From creator Dave Holstein (Weeds, Raising Hope) and director/executive producer Michel Gondry (Eternal Sunshine of the Spotless Mind), the Showtime series Kidding follows Jeff (Jim Carrey, in a brilliant performance that’s his first series regular role in more than two decades), who’s also known as Mr. Pickles, an icon of children’s television. Although Mr. Pickles is supposed to be a beacon of kindness and wisdom for America’s youth, Jeff is finding it increasingly difficult to deal with his imploding personal life while his grief over a family tragedy causes a slow meltdown of his own sanity, in a way that is both heartbreaking and hilarious.
During this 1-on-1 phone interview with Collider, showrunner Dave Holstein talked about how impossible it would have been to pitch Kidding to networks, working with Showtime on this very unique project, how he found out that Jim Carrey was really on board, the biggest challenges in pulling this very complicated series off, and grounding the story in the simple idea of a man wanting his family back.
Collider: This show is odd, brilliant, disturbing and perfectly weird, and I can’t wait to see where it goes next. At the same time, it also makes me wonder, how do you describe this show to people at networks to try to get someone interested in putting it out there?
DAVE HOLSTEIN: What a great question. I didn’t. You couldn’t describe it. I just wrote it, as a spec script. I didn’t even try to pitch it ‘cause that was never gonna go well. The show is an exercise in fuck you creativity. We just want to make something unique. There are 500 shows on television. I don’t want to write 501. There’s just too much out there that’s all the same, and if I tried to pitch this, it would come across as Mr. Rogers becomes Bad Santa, or something that just sounds terrible, and that’s not the show. The show is an existential comedy about the duality of man. How do you pitch that? You can’t. You don’t do that. But what you do is get a bunch of people who are just as ambitious and just as weird and just as happy to make strong choices that not everyone’s gonna get, and hope that, at the end of the day, you’ve hit a bunch of home runs and didn’t burn your house down.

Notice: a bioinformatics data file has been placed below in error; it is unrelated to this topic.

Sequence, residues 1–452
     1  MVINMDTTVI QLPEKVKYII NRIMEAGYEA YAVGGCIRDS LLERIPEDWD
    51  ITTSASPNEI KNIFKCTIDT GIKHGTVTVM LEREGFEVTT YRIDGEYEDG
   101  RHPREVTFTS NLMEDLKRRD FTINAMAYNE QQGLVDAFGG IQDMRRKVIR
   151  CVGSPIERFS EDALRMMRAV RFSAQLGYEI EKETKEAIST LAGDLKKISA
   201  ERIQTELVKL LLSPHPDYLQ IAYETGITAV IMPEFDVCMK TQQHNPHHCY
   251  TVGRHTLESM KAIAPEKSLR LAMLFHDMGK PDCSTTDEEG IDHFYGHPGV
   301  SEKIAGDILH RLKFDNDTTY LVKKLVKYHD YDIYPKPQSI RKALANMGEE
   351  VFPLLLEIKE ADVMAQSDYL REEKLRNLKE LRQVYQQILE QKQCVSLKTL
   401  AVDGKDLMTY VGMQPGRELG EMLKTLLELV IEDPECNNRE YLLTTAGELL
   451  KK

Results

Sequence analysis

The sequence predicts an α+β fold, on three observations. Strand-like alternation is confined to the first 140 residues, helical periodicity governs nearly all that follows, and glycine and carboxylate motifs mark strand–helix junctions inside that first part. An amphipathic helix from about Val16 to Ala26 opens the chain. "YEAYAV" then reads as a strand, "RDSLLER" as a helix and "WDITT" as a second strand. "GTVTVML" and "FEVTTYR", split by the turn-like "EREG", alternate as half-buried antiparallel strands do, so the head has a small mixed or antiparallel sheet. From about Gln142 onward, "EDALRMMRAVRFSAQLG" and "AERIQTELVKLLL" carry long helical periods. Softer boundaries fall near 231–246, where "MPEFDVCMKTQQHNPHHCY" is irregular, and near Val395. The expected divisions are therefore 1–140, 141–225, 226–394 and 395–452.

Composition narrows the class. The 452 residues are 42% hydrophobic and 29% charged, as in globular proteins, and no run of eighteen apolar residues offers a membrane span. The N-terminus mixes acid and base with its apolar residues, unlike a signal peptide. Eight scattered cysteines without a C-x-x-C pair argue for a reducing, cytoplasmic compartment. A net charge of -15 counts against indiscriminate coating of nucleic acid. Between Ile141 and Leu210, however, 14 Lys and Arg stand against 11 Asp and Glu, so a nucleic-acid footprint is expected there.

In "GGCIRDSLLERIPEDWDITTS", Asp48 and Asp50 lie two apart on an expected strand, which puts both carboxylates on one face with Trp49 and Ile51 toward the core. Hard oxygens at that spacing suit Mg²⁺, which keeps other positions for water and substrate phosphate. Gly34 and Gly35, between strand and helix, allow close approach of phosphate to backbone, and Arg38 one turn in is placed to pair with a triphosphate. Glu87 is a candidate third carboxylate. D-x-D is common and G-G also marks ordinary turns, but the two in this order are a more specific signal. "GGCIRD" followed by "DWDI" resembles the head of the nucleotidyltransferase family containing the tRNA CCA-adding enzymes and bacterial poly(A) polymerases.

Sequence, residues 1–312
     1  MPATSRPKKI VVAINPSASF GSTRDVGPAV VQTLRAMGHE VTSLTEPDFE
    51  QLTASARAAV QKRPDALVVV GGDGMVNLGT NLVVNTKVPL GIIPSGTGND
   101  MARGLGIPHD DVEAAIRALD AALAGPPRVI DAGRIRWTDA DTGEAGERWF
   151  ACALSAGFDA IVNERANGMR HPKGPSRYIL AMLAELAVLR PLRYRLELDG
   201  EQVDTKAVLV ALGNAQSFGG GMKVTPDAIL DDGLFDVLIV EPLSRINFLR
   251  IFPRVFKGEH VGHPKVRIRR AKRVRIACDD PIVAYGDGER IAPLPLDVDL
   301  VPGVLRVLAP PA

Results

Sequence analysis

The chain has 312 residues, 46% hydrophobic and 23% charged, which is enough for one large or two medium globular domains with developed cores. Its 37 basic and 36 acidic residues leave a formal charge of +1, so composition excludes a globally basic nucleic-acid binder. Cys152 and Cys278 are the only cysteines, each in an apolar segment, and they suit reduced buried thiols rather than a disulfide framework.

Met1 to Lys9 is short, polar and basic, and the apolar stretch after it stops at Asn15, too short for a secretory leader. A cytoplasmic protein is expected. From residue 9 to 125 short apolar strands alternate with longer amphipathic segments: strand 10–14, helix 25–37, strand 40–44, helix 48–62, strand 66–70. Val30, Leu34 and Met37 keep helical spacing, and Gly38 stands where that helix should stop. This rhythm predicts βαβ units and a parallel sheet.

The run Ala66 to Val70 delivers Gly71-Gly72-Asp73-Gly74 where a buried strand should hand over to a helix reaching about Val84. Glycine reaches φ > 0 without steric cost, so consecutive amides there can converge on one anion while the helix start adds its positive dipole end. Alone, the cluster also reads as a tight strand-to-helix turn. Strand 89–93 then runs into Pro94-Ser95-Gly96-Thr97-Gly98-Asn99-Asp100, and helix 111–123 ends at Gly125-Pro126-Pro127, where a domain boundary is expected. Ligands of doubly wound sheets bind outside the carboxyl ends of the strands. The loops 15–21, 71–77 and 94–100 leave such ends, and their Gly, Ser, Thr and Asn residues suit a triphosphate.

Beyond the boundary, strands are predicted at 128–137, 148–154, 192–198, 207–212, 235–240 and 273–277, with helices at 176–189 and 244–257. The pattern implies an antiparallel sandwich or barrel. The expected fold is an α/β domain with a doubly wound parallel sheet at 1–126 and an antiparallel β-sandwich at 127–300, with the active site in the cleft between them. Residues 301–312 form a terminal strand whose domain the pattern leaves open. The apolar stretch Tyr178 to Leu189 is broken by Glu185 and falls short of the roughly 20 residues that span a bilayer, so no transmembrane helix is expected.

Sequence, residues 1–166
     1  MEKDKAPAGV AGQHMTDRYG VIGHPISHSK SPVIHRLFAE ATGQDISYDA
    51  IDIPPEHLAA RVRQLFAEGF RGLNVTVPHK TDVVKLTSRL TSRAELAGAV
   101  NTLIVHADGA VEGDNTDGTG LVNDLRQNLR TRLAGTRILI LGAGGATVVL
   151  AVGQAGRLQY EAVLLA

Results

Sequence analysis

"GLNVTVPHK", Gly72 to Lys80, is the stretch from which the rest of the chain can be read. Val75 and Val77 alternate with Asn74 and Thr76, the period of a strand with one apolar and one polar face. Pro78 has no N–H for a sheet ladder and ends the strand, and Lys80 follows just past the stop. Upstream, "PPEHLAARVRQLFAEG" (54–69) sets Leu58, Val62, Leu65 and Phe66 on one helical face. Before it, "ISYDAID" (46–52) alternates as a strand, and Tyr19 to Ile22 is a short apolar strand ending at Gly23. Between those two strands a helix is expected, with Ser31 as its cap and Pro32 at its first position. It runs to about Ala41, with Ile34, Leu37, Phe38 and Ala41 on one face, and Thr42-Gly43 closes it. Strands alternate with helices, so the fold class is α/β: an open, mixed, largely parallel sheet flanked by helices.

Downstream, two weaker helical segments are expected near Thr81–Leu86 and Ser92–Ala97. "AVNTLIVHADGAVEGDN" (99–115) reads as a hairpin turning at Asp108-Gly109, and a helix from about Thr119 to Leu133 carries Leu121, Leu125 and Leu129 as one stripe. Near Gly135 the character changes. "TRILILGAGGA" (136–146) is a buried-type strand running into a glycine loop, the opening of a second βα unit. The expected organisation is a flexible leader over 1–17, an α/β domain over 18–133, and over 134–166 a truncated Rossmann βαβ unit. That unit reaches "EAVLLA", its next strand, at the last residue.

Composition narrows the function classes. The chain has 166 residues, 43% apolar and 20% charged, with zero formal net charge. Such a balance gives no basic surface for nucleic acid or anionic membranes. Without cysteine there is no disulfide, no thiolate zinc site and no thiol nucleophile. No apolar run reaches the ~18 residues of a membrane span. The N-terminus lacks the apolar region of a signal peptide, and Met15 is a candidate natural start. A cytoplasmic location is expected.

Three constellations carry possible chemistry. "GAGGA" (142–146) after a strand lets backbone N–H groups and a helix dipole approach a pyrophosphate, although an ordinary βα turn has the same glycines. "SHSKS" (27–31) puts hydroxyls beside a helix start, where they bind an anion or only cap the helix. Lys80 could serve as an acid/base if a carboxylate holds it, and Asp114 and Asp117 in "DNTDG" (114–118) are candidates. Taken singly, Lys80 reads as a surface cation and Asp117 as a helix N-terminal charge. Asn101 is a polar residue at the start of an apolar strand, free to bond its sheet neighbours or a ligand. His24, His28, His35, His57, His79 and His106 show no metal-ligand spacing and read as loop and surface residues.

How did you end up at Showtime with this?
HOLSTEIN: I’ve worked at Showtime for a long time. I was on Weeds for seven years, and then I’m Dying Up Here. So, they know me, and they know what my strengths and weaknesses are, and they trusted that, with the right people, this could be something really cool. I told them, up front, “Look, we’re gonna try to make something really different. It might work, and it might not work, but we have too rare of an opportunity to get into a sandbox with Jim Carrey, Michel Gondry, Catherine Keener, Frank Langella and Judy Greer not to try really hard to make something unique.”
And then you had to find a kid to play Jim Carrey’s son, which seems like it would be an impossible task. Where did that kid come from?
HOLSTEIN: You sit through 400 auditions of 12, 13 and 14-year-old boys, before you find someone like Cole Allen. He’s so great. It’s easier to find girls that age, who can do what this show needs, which is a dramatic actor who can also tell a joke without telling a joke. Cole came from Austin, Texas, and he had never really acted before. A lot of boys in that age group tend to be trained for sitcoms or musical theater or horror movies. Very few of them have the ability to nuance, and I use that as a verb. He’s a really, really mature actor for his age. Can you imagine, your first day on set, you’re sitting across from Jim Carrey and you have to call him “dad”? He did a great job.
You wrote this script on spec, but you also wrote it thinking about Jim Carrey. When did you realize that there was actually a real possibility that he would play this character? Did you have a moment of, “Oh, my god, he’s really going to do this!”?
HOLSTEIN: Oh, yeah. There were probably far more moments when he was definitely not gonna do it, and this would have just stayed in my drawer and continued to get me work on dramedies. I was pretty content with this just being the script that everybody loved to tell me how much they loved it, but no one would want to make it. It had been in Jim’s orbit for a long time. You constantly check in and you’re like, “So, has he read it yet?” After over a year and a half, that becomes, “Can you please just ask him to pass on the script?” Eventually, you’re like, “It’s never gonna happen.” I remember being in the writers’ room for I’m Dying Up Here Season 2, right at the beginning, before I left to do this, and some writer asked how the show was doing, and I was like, “Don’t even get me started!” Jim’s producing partner was in the writers’ room, and he made the slightest twitch that something was going on, so it being a writers’ room, everyone was like, “You’ve gotta tell us. There are no secrets in the writers’ room.” I knew that was gonna get unhealthy, so I said, “Whatever, it’s fine.” Then, I called him after work and I said, “You’ve gotta tell me.” And he said, “Well, Jim has been reticent to do television because, from his perspective, that’s not where movie stars go to work. It’s where they go to die. But Michel Gondry read the script and he loves it and he wants to do it, and if he does it, Jim’s gonna do it. So, what are you doing on Sunday?” That was after years and years and years of pushing that boulder up the hill. So, to answer your question, there was a moment, and it was a pretty awesome moment.
How did Michel Gondry get involved?
HOLSTEIN: I think Jim’s producing partner, Michael Aguilar, who’s an EP on the show, sent it to him. He was in Chile, shooting a commercial, and then he was in L.A. for a whole 48 hours. During those 48 hours, we had to make everything work, and we did. It was a real special couple of days.